As a transgender student at this university, Max Balagtas-Badoy grapples with concerns over safety when using the restroom, he said in a written testimony to the SGA’s legislature Wednesday night.
“While I felt safer using the women’s [restrooms],” read Johanna DeGuzman for Balagtas-Badoy, who was not present, “it was still distressing to have other students scrutinize me for my gender and, consequently, my right to be in the restroom.”
To address his daily struggle, Balagtas-Badoy — and the majority of the Student Government Association — support the construction and implementation of increased gender-neutral bathroom facilities on the campus. Last night, the SGA passed three resolutions urging both Facilities Management and University Recreation and Wellness to study the feasibility of putting gender-neutral bathrooms in campus dorms and dining halls, Ritchie Coliseum and Eppley Recreation Center.
The final votes were 23 - 2 with two abstentions, 22 - 3 with one abstention and 23 - 2 with two abstentions, respectively.
Gender-neutral bathrooms, available to anone, particularly benefit nonbinary gender people, a segment of the population who can face safety issues in bathrooms, said Nicholas Sakurai, leadership initiatives director for the LGBT Equity Center.
Such facilities can be multi-user or single-user but always remove the gender labeling from the door. This diffuses tensions some students feel when using binary-labeled restrooms — part of the motivation for the SGA’s bill.
“People can be yelled at or harassed for trying to use the restroom, or they can be asked personal questions and forced to defend their identities when all they want to do is use the bathroom,” Sakurai said. “They’re being profiled based on how they appear, and it can be very problematic.”
After a meeting with university President Wallace Loh’s cabinet and Rise Above “-isms” week in October, DeGuzman and the committee on diversity and inclusion decided to move forward with the legislation.
The cabinet “was really receptive to what I was saying and the issues we had brought to them about it,” DeGuzman said. “What we’re trying to do is get the conversation started around creating gender-neutral bathrooms instead of converting the bathrooms we already have.”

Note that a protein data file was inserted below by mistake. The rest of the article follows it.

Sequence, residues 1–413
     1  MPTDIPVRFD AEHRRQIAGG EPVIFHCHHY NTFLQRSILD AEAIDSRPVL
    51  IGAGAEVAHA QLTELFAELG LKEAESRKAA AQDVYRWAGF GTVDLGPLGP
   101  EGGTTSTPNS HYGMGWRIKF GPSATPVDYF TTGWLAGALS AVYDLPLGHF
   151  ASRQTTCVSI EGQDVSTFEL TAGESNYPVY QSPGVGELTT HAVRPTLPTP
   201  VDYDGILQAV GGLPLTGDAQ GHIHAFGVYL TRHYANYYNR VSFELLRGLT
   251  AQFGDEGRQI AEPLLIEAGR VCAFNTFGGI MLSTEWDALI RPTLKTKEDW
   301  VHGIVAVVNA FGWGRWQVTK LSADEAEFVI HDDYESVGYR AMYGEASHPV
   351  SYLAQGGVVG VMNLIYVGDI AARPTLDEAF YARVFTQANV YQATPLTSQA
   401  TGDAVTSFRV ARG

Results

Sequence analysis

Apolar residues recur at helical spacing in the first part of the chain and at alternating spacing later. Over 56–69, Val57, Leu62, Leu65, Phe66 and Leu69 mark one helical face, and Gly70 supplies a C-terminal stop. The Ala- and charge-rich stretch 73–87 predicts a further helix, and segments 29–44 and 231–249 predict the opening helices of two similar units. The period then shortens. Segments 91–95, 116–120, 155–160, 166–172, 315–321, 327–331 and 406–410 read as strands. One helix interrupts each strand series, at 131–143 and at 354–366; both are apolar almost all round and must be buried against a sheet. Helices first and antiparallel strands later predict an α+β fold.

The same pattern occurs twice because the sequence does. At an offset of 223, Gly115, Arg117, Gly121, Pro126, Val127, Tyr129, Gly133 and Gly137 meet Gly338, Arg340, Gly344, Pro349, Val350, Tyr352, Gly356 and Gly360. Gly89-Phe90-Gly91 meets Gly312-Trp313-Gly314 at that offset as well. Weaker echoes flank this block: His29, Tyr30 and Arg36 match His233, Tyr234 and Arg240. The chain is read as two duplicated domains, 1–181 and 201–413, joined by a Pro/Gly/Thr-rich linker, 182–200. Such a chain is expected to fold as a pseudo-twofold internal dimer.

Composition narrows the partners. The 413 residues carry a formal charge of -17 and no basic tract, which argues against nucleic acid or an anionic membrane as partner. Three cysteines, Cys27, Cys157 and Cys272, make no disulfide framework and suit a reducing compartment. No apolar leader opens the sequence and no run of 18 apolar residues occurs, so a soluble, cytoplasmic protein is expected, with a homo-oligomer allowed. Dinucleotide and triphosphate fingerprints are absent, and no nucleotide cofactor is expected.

A bathroom in Stamp Student Union was converted into a multi-user gender-neutral bathroom during the 2012-13 academic year and contains stalls around the urinals, in addition to guards in between the spacings on the stalls for added privacy.
The resolution also calls for more access to gender-neutral showering facilities in dorms and the two gyms. Currently, there is at least one single-user shower in gym facilities on the campus, but through the bill, the SGA hopes to increase availability.
If a student is not comfortable using the general showers in the high-rise dorms, they can request through Resident Life to be moved to a dorm with a private bathroom.
“We realized there is a lot of intersectionality within the students here,” DeGuzman said. “The transgender community here at Maryland really doesn’t get the resources that they deserve and every other student does have.”
In addition to the university’s current gender-neutral restrooms, Sakurai praised the University Health Center’s bathroom signage, which directs users to the gender-neutral bathroom options at each bathroom location as they are not always easily located.
Still, Sakurai said, there is “definitely more” the university as a whole could do to increase bathroom accessibility and inclusivity.
“There are good practices that, as an institution, we need to look at: How accessible is the bathroom? How far do you have to walk or go to find one?” they said, adding that the university could consider adding new guidelines to ensure users would not have to walk extremely long distances.
While this university is required to include gender-neutral bathroom facilities in any newly constructed or renovated buildings, the University of California system crafted a policy last year calling for all existing buildings to include gender-neutral facilities. The policy expands upon this university’s and both LGBT Equity Center Director Luke Jensen and Sakurai pointed to as a positive step forward.
This university’s Facilities Management has incorporated gender-neutral bathrooms into the designs of recently built, planned to be built and renovated buildings on the campus, including Prince Frederick Hall, Edward St. John Teaching and Learning Center, Cole Field House and A. James Clark Hall.
Additionally, Bill Olen, the university’s capital projects director, said several single-occupancy bathrooms have been included into the Tawes and Cambridge halls renovations.
In 2014, the SGA drafted a bill to include at least one gender-neutral bathroom in each campus building after finding that there were only 66 gender-neutral bathrooms on the campus. The bathrooms were in 14 of 67 academic buildings and were not in every dorm.
It was not ultimately sent to Facilities Management or the senate after research found that it was cost-prohibitive to convert bathrooms in existing buildings, said Aiden Galloway, SGA speaker of the legislature.
However, Olen said in an interview Tuesday that Facilities Management is open to accommodating, despite the logistical difficulty in building new bathrooms in existing buildings as opposed to constructing them with new ones.
“Space that’s assigned to someone else in that building will have to be given up for this use,” Olen said. “But can it be done? Yes. It’s not impossible.”